Photo: Matt Winkelmeyer (Getty Images)

Last Jedi director Rian Johnson is a smart guy. So smart, in fact, that when he saw a faction of alt-right trolls launching smear campaigns against people in the entertainment industry, he took proactive measures to make sure they couldn’t mine any false outrage from his social media past. Specifically, he deleted everything on his Twitter account from before January 25th of this year, roughly 20,000 tweets, and robbed the trolls of their potential ammunition.

This move comes one week after Disney fired James Gunn over a series of controversial tweets the Guardians Of The Galaxy director posted several years ago. These tweets, which mostly consist of Gunn’s attempts at shock humor and references to pedophilia, started making the rounds again thanks to conservative dingbats like Mike Cernovich and Jack Posobiec. Seemingly invigorated by the success of their smear campaign, this loose network of trolls have since attempted similar attacks on comedians Michael Ian Black, Sarah Silverman, Patton Oswalt, and Dan Harmon, who recently deleted his Twitter when an old Channel 101 pilot resurfaced showing the Rick And Morty creator sexually assaulting a baby doll.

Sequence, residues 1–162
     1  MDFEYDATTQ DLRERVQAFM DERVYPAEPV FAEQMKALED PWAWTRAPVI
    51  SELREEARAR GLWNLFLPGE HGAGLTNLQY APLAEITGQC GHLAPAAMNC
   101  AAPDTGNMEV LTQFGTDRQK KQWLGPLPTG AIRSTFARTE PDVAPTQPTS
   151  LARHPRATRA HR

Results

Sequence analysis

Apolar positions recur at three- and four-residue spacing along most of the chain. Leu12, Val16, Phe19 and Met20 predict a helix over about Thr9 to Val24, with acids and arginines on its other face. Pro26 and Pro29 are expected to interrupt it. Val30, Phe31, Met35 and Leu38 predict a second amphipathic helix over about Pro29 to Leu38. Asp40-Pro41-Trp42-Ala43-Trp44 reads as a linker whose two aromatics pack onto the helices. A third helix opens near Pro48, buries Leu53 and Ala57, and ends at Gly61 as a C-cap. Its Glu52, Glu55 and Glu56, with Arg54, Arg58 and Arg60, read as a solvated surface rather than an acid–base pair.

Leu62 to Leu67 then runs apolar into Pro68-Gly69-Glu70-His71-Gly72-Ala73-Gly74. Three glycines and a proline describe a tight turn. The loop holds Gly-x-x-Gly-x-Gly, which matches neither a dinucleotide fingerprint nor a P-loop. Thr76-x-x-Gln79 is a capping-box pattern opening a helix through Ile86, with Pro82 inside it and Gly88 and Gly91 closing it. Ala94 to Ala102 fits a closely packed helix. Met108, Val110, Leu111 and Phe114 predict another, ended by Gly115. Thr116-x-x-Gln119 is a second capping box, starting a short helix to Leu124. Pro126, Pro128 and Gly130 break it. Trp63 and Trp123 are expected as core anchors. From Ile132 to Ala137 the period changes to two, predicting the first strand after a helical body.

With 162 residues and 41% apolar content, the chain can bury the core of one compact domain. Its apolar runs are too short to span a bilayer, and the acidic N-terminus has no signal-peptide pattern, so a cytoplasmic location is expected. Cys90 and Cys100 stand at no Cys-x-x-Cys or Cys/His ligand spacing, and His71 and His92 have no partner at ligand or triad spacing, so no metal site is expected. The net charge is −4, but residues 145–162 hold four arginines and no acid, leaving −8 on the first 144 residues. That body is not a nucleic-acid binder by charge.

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While Johnson’s tactic of deleting his old tweets and refusing to participate in the trolls’ game seems like a smart one, it could also be perceived as a preemptive admission of guilt. If Johnson has nothing to hide, why do anything at all? Alternatively, as feminist pop culture blog The Mary Sue speculated yesterday, this could be a mandate from Disney itself, who, having publicly capitulated to the demands of internet trolls, are now asking all major Disney employees to clean house before someone forces its hand again.

Johnson himself refuted this speculation saying he doesn’t think he’s “ever tweeted anything bad,” but that deleting a bunch of random thoughts he shared publicly over the past nine years just seemed like the right thing to do in the current climate. “If trolls scrutinizing it for ammunition is the new normal, this seems like a ‘why not?’ move,” Johnson wrote.

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So, you know, let the past die. Kill it if you have to. Delete your old tweets. Or, better yet, delete the whole app. We promise you’ll be OK.

[via IndieWire]

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